Press Release
Senator Joe Pennacchio Senator Joe Pennacchio (R-26)
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Contact: Brittany O'Neill / 609-847-3600
May 4, 2018
Pennacchio Highlights Murphy’s Charitable Deduction Scheme Hangs on IRS Approval

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Pennacchio: New Jersey Can Provide Immediate Relief by Removing its Own $10K Cap

Senator Joe Pennacchio (R-26) cautioned against Governor Phil Murphy’s scheme allowing homeowners to contribute to municipal charitable funds in lieu of making property tax payments, as it will likely not pass IRS tax review.

Sen. Joe Pennacchio said New Jersey could provide immediate tax relief by removing its $10,000 cap on the property tax deduction that state income taxpayers can claim. (Wikimedia Commons)

“While I agree with the intentions of Governor Murphy, I stress the importance of a real property tax relief plan,” Pennacchio said. “Trenton must take responsibility for our high property tax problem and immediately create a solution, such as removing New Jersey’s property tax deduction cap. The removal of our cap is instant relief which doesn’t depend on the IRS for approval.”

State and local tax (SALT) deductions previously provided American families and retirees about $100 billion in property relief.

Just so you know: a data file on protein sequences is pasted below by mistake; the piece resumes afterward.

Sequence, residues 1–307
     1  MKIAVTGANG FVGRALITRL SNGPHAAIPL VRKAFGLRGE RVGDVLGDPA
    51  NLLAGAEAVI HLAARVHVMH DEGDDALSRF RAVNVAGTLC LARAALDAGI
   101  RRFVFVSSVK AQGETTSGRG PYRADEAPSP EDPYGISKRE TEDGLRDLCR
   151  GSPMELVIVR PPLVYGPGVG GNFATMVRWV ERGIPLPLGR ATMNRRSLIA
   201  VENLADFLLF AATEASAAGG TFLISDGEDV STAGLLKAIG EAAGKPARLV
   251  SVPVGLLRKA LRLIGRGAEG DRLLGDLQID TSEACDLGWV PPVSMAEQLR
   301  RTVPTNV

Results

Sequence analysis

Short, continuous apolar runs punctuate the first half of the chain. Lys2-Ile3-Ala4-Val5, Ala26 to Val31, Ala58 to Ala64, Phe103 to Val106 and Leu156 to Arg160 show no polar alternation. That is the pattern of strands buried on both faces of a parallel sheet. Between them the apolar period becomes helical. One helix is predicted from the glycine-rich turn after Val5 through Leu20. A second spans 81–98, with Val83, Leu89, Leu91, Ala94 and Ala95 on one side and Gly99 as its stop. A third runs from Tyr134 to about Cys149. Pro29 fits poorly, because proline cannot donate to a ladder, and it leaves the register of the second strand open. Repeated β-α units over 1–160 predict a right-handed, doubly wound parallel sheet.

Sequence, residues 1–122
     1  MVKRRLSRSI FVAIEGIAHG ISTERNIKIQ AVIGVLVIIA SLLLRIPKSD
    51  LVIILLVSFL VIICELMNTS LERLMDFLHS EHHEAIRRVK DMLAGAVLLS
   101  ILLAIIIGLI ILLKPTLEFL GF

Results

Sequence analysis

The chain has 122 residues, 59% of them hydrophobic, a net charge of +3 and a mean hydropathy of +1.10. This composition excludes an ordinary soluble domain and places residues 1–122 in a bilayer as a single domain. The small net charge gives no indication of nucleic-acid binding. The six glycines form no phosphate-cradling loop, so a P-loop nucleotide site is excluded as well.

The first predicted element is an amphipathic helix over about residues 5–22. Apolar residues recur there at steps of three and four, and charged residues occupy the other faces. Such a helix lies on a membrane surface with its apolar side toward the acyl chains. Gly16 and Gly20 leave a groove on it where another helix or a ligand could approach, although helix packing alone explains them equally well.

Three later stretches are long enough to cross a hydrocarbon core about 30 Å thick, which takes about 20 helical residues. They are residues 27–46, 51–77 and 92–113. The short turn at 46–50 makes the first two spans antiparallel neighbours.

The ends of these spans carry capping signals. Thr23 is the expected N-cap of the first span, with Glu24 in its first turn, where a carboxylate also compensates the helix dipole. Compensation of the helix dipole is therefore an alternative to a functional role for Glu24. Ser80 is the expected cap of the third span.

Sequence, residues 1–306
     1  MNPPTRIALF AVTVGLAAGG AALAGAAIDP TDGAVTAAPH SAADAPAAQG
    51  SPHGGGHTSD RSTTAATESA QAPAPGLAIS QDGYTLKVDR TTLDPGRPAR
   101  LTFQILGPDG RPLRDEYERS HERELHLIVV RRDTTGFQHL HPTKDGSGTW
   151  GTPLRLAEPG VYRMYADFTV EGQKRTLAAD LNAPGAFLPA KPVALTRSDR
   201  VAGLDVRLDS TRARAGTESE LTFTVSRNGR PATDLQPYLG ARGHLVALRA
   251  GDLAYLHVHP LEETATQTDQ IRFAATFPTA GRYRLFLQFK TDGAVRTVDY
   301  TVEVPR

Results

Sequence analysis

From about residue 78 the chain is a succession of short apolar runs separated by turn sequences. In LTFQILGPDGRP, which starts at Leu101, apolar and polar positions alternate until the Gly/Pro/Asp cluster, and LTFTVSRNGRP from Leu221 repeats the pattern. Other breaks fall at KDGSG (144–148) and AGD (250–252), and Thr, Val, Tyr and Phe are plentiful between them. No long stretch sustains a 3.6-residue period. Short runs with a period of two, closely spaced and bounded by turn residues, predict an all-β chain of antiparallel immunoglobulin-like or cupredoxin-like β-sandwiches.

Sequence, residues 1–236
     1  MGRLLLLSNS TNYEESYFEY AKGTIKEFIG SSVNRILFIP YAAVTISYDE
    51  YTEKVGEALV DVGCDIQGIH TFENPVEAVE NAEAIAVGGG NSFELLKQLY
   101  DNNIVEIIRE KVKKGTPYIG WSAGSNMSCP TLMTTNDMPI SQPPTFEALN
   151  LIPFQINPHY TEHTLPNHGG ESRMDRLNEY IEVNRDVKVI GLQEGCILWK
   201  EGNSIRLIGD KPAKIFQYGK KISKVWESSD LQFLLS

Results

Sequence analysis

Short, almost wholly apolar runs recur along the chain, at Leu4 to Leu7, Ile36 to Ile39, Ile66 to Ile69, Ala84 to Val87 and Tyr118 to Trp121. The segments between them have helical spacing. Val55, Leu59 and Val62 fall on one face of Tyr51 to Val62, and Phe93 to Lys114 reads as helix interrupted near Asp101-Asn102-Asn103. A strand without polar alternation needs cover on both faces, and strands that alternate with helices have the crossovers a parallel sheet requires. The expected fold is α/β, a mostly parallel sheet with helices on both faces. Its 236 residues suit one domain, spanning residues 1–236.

Pennacchio’s bipartisan legislation, S-413, would lift the maximum deduction for property taxes allowed by the state, reducing the tax burden on New Jersey residents.

During his Budget Address, Governor Murphy highlighted Senator Pennacchio’s efforts in providing New Jersey residents with real property tax relief. The previous administration explained that increasing New Jersey’s deduction would provide $150 million to $170 million in property tax relief, according to reports.

“New Jersey leads the nation in highest property taxes,” Pennacchio added. “This workaround of federal tax code may place our citizens in harm’s way and expose them to unnecessary IRS fines. However, by eliminating our state’s property tax deduction cap, we can provide New Jerseyans with true tax relief.”

“I strongly suggest that New Jersey families check with their accountants before entering into this tax scheme,”  Pennacchio said. “Possible implications may be fines, interest, penalties, or an eventual audit.”

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